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New Zealand's rape culture myth


I have several arts degrees. That makes me a liberal wanker. But above all else, as a sociologist, I seek understanding without fear or favour.

With that in mind, I am troubled by the use of this term "rape culture" that New Zealand is said to uphold. It seems that every second person among the privileged middle classes, and therefore many of my friends, are throwing it around as if it’s a fact. It’s entering the Kiwi lexicon.

Despite its sociological roots in the 1970s where it undoubtedly served an important polemical purpose, anybody using the term "rape culture" in the New Zealand context today are either unfamiliar with what culture means or are simply using it incorrectly.

We do not celebrate rape in art nor is it a custom or social behaviour of our society. Actually, we sanction strongly against it. New Zealand most certainly does not uphold a rape culture. It’s a misnomer that has taken on a life of its own.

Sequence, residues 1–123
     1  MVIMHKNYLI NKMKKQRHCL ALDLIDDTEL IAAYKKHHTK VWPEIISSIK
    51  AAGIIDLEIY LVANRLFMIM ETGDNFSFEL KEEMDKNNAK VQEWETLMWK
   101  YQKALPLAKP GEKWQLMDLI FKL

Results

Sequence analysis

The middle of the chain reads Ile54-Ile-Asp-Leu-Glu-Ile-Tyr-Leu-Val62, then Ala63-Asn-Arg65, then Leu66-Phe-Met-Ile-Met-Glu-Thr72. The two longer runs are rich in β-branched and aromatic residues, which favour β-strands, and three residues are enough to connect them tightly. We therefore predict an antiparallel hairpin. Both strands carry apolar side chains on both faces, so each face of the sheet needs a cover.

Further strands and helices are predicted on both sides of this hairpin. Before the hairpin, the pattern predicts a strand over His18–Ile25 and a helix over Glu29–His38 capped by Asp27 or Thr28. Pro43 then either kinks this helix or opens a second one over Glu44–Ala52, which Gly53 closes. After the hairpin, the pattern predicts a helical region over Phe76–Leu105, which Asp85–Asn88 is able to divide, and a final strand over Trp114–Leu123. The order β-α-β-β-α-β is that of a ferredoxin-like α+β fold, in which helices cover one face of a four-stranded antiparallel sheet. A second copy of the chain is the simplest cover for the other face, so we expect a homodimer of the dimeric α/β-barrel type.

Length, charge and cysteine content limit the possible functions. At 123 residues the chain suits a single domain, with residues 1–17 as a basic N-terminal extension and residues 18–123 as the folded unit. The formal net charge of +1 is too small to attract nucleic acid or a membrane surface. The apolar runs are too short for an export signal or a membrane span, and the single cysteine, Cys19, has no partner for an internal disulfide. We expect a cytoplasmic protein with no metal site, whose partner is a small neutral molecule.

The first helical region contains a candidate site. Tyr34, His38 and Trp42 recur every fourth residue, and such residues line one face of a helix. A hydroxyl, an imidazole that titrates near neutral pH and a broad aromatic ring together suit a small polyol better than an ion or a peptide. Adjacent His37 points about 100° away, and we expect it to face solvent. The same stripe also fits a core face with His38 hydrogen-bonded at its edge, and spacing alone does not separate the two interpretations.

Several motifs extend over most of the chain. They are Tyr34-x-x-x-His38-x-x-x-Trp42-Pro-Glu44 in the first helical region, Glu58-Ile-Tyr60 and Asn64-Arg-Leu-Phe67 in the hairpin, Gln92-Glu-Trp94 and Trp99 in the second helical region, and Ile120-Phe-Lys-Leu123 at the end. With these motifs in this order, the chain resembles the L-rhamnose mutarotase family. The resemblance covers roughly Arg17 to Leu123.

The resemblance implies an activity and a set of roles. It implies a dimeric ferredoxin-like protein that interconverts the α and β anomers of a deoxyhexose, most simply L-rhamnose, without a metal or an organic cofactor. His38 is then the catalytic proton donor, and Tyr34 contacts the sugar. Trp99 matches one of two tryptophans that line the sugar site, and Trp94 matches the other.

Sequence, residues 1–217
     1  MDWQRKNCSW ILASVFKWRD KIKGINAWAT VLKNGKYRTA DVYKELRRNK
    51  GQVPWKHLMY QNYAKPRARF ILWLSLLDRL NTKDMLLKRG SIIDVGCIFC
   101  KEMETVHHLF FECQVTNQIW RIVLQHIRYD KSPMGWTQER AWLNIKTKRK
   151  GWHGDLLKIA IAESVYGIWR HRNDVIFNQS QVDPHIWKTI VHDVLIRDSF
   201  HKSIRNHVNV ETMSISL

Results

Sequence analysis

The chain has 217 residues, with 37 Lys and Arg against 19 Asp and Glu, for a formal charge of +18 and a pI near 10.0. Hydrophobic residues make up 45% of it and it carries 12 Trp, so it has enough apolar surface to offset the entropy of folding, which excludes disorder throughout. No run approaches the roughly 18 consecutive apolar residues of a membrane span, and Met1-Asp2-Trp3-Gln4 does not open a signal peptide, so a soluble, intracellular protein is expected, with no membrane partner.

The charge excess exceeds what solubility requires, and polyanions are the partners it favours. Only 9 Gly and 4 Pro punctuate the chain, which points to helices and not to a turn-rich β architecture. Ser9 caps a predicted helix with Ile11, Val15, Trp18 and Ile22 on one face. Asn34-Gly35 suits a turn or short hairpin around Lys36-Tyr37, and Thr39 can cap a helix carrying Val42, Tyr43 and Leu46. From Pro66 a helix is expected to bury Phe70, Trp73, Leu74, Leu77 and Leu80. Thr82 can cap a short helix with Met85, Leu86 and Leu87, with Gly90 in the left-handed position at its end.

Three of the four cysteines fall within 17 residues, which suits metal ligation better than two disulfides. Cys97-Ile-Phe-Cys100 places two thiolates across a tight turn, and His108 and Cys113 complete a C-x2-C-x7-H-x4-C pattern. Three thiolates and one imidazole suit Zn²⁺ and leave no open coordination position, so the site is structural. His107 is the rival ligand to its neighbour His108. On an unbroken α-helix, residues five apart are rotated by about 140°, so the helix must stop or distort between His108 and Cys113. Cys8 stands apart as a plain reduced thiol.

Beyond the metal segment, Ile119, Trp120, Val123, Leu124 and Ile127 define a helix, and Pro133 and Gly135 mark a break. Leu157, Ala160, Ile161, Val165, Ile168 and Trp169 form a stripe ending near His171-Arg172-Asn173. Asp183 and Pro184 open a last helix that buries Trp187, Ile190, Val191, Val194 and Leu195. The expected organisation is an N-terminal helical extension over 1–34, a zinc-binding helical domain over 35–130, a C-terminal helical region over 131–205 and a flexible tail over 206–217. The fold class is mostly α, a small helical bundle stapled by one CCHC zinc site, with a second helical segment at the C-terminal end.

There are some who victim-blame and, traditionally, policing has been far from ideal, but the former tends to be isolated to small, mostly conservative or religious individuals, and the latter has changed dramatically. Even historically, when these elements were more rife, it’s doubtful this ever encapsulated a "rape culture" per se. Furthermore, by overegging the cake, the people who use the term do a disservice to the important cause of addressing sexual violence.

This is why many men got upset with David Cunliffe apologising for being a man or why some turn around an argument about male violence and point out violence perpetuated by women. It’s because the vast majority of men are not violent toward women, sexual or otherwise.

I have sympathy with this position of frustration; innocent people don’t like to be labelled. It’s akin to generalising that women are caregivers (though the vast majority of primary caregivers are female) because it’s sexist, perhaps offensive. Although not as offensive as saying that New Zealand’s men uphold a culture of rape.

It has bizarrely become taboo to say it, but not all men are the problem. That is a fact.